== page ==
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Cleveland Clinic Journal of MedicineMicroscopic Colitis: What is It, and What are the Treatment Options?

Intersections of Gut Health and Chronic Disorders: Unpacking the Origins and Implications of Microscopic Colitis

Microscopic colitis, a nuanced inflammatory bowel disease marked by chronic diarrhea, presents with subtleties that often elude standard diagnostic tools. As it requires histological confirmation via mucosal biopsy, understanding its pathogenesis, associated risk factors, and effective treatment protocols is critical for clinical management. This detailed review offers physicians a concise guide to the disease’s subtypes, diagnostic considerations, and therapeutic strategies, emphasizing evidence-based approaches to improve patient outcomes.

Key Points:

  • Diagnosis and Subtypes: Microscopic colitis is diagnosed through colonoscopy with mucosal biopsy, particularly necessary due to its invisible nature on routine imaging. The condition is categorized into two subtypes: collagenous colitis and lymphocytic colitis, distinguished by subepithelial collagen band development and intraepithelial lymphocytosis, respectively.
  • Clinical Presentation: Common symptoms include chronic, non-bloody, watery diarrhea, alongside urgency, abdominal pain, and weight loss, often mimicking other gastrointestinal disorders like celiac disease and irritable bowel syndrome.
  • Risk Factors: The etiology of microscopic colitis is multifactorial, involving gut microbiota alterations, immune dysregulation, and genetic predispositions. Notably, certain medications such as proton pump inhibitors and nonsteroidal anti-inflammatory drugs are linked to its development.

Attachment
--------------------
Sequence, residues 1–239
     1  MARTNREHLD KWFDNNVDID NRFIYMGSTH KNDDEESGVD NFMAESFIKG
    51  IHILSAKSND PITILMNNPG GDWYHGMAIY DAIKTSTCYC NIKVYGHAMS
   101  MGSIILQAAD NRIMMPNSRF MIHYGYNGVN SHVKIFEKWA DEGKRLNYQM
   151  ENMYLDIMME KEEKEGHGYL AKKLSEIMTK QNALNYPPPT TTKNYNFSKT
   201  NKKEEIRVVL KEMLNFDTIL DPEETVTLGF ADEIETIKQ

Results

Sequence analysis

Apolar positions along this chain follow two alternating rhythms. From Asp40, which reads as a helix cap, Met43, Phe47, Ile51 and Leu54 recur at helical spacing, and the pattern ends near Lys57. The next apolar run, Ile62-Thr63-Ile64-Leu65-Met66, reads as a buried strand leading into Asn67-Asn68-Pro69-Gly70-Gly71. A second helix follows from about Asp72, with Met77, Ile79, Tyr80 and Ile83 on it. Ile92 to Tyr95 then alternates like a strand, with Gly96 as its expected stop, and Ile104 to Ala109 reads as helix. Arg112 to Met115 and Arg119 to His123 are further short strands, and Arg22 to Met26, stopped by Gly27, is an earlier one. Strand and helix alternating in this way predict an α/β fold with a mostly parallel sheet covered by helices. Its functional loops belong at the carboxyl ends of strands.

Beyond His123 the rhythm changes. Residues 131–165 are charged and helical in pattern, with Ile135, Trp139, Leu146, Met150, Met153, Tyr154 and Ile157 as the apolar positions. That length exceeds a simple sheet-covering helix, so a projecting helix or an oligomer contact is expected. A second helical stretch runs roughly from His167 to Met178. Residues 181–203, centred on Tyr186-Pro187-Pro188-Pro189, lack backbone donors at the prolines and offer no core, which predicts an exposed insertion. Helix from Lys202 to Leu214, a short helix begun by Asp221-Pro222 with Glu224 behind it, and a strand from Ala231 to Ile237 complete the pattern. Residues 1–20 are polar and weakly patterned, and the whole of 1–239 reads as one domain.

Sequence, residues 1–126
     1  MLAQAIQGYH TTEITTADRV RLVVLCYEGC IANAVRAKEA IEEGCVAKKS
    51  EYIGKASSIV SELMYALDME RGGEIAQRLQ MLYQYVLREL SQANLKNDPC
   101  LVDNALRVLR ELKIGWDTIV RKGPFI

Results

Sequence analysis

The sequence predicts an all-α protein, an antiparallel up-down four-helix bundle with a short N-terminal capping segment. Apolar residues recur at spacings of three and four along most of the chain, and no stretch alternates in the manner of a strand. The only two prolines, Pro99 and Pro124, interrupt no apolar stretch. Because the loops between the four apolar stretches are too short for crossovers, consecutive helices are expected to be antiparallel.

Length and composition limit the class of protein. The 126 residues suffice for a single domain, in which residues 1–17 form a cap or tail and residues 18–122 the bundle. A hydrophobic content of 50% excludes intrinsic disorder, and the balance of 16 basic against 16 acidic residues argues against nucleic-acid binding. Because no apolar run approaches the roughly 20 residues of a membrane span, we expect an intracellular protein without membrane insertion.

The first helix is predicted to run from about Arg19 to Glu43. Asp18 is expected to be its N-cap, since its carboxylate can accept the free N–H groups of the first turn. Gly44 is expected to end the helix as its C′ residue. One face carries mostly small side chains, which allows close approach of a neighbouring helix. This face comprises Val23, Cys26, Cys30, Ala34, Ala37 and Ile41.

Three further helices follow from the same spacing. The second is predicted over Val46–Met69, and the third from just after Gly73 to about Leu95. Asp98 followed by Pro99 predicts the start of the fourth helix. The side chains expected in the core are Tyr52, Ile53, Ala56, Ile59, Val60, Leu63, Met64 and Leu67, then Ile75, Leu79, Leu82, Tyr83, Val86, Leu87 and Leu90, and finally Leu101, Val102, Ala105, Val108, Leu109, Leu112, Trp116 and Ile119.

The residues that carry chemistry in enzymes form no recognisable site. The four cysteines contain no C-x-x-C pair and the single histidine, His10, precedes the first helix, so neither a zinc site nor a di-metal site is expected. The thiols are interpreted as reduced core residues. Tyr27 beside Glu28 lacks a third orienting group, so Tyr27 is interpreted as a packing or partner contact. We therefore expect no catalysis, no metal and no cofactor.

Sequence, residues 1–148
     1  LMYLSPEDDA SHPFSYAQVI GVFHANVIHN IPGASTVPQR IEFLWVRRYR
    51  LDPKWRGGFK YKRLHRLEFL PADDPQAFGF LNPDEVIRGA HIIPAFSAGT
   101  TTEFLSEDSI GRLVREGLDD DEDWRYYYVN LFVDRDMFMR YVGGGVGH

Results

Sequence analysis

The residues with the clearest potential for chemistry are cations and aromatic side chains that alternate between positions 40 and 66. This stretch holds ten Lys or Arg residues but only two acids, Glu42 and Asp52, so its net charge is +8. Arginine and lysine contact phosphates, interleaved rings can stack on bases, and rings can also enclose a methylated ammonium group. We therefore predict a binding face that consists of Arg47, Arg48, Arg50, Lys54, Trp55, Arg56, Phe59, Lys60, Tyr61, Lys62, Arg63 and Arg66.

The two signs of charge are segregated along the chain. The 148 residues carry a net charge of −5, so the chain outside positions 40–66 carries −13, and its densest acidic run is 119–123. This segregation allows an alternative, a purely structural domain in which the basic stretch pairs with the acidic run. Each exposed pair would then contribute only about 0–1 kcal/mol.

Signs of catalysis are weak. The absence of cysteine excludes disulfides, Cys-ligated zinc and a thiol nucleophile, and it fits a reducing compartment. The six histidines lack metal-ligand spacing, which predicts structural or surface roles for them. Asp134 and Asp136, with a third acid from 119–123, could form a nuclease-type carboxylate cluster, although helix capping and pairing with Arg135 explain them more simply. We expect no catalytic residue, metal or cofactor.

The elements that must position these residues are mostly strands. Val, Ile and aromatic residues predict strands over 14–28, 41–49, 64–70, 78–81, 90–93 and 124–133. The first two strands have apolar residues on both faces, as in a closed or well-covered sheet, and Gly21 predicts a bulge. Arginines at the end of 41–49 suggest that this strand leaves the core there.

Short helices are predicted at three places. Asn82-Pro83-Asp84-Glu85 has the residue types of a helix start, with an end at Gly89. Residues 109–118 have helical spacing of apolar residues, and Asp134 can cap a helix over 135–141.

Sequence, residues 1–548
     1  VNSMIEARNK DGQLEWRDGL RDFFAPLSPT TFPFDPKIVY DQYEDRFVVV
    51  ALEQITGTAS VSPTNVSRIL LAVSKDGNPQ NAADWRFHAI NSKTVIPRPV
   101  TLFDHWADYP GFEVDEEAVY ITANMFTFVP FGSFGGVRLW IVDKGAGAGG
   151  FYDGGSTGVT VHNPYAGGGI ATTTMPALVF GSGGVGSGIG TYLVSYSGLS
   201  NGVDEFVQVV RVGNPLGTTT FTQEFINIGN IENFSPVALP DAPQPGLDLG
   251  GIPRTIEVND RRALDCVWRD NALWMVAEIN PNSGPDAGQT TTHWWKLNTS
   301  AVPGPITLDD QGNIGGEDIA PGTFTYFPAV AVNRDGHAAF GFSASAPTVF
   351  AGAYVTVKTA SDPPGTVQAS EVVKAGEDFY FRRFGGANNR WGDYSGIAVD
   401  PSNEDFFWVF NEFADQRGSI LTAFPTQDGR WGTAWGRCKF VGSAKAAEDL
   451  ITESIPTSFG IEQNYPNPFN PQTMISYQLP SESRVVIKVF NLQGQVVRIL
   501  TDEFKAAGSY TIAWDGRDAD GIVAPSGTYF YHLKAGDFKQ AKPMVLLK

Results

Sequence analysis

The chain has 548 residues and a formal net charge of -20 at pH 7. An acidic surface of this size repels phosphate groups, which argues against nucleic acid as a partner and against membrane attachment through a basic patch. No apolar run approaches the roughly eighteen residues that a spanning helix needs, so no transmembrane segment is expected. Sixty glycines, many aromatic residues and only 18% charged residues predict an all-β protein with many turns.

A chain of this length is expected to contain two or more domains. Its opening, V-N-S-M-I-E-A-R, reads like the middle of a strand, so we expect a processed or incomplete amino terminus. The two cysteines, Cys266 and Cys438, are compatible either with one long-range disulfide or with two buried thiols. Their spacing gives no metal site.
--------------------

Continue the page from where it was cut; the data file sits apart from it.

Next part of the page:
• Treatment Strategy: The primary treatment for inducing and maintaining remission is budesonide, administered at 9 mg/day for an initial 8 weeks, with adjustments based on patient response. Discontinuation or reduction of symptom-associated medications is recommended.
  • Alternative Therapies: In cases where budesonide is unsuitable, alternatives like cholestyramine, loperamide, and bismuth salicylate are considered, though their efficacy varies. Emerging treatments include immunomodulators and biologic therapies.
  • Prognosis and Management: Effective management can lead to symptom relief and improved quality of life. However, the disease typically follows a chronic or relapsing course, with ongoing management tailored to individual response to therapy.
  • Safety Profile: Unlike other inflammatory bowel diseases, microscopic colitis does not increase the risk for colorectal cancer, allowing for long-term treatment focused on maintaining clinical remission.

HCN Medical Memo
Although microscopic colitis is challenging to detect through conventional imaging and endoscopy, targeted biopsies remain the definitive method for diagnosis, enabling effective, tailored therapeutic strategies.

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